I haven't read much of Steven Pinker's monstrous book The Better Angels of Our Nature lately, mainly because I randomly decided I wanted to read Bram Stoker's Dracula. But I got to thinking about Pinker's book in light of the Oklahoma House passing an open-carry law.

Despite living in the most red state in the country, most of my friends are pretty moderate or liberal. So naturally, some concern has been expressed about the open-carry law, which basically means that it would be fine if you wanted to carry around a holstered gun, Wild-West style. The restrictions are the same as the current concealed-carry law already in effect, in that you have to complete a certain amount of training before you can do it, so that has some people asking, "What's the big deal?"

In his book, Steven Pinker talks about the "honor culture" in the South, and describes an experiment to that effect [abstract here]. In the study, young men are selected to fill out a ques…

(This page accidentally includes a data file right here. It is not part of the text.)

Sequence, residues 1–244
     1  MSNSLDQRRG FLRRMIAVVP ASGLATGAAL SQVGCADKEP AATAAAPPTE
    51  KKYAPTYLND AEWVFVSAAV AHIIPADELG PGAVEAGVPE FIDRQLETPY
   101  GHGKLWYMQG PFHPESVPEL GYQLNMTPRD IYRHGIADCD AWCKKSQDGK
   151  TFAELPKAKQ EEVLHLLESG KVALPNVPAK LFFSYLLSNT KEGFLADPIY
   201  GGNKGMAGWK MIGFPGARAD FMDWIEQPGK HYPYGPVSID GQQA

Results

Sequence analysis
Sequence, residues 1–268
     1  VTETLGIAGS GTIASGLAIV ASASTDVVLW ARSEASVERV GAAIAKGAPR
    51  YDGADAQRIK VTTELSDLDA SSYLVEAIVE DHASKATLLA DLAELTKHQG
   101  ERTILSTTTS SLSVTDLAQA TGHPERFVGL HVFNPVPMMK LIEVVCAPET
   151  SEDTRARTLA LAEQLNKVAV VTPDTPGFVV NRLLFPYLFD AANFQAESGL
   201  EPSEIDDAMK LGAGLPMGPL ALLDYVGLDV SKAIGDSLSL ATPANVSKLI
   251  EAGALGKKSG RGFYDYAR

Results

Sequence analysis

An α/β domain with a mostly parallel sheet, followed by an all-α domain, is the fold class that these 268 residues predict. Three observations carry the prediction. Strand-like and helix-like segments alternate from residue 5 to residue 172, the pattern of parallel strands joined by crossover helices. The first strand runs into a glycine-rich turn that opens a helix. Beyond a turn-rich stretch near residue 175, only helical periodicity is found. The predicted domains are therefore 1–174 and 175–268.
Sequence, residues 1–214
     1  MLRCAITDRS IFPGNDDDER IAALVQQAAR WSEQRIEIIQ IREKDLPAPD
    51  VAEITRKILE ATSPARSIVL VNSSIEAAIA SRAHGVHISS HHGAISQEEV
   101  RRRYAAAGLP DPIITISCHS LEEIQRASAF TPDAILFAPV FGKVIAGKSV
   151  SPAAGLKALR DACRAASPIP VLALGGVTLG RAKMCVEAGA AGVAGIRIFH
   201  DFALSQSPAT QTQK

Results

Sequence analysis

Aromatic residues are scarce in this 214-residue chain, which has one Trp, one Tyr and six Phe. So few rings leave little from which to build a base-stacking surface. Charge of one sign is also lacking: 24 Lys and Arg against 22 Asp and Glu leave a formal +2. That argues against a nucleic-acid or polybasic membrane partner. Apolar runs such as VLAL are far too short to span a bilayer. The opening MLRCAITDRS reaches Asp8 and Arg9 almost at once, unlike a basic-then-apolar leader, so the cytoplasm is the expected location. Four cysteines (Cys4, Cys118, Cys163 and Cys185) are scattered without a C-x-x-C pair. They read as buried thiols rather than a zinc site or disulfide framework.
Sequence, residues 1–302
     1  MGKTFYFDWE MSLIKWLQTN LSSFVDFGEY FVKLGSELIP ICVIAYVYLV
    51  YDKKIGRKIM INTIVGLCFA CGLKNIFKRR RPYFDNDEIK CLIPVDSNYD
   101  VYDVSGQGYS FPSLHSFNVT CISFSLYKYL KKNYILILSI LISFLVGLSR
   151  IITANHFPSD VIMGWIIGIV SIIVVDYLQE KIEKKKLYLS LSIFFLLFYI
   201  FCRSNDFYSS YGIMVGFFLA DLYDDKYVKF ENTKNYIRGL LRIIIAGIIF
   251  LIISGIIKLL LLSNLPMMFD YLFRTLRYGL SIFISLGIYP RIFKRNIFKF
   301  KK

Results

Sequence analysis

"5 Questions Every Intelligent Atheist Must Answer".... answered

Note to readers: this is another post from my previous blog, The Apostasy, published in 2009. I'm continuing to clear out the archives before I delete the blog entirely. Unfortunately, this one is based on a video that's no longer up. But the questions are verbatim.

I've seen a million of these little lists, but this one was different... because it's a video, not just a list of questions. The author actually takes the time to explain why each question is valid, and despite demonstrating an elementary misunderstanding of some basic scientific and logical principles, he does a good job explaining why he's skeptical of an atheistic world view. So, without further ado, here is the video, followed by my answers:

Question #1: You accuse Christians of using "God of the Gaps" to explain things we don't know; but aren't atheists just using "chance" in the exact same way?

Dinesh D'Souza on evidence for an afterlife

Note to readers: this was originally published in my previous blog, The Apostasy, in 2009. I've still got just a few posts I'm going to move here before I delete the blog for good.


I was thumbing through the latest issue of Newsweek when I came across a review of Dinesh D'Souza's new book, entitled Life After Death: The Evidence. D'Souza, like any good Christian apologist, has taken to using words like "evidence" and "reason", if not employing the actual concepts, to providing evidence that their faith is not arbitrary.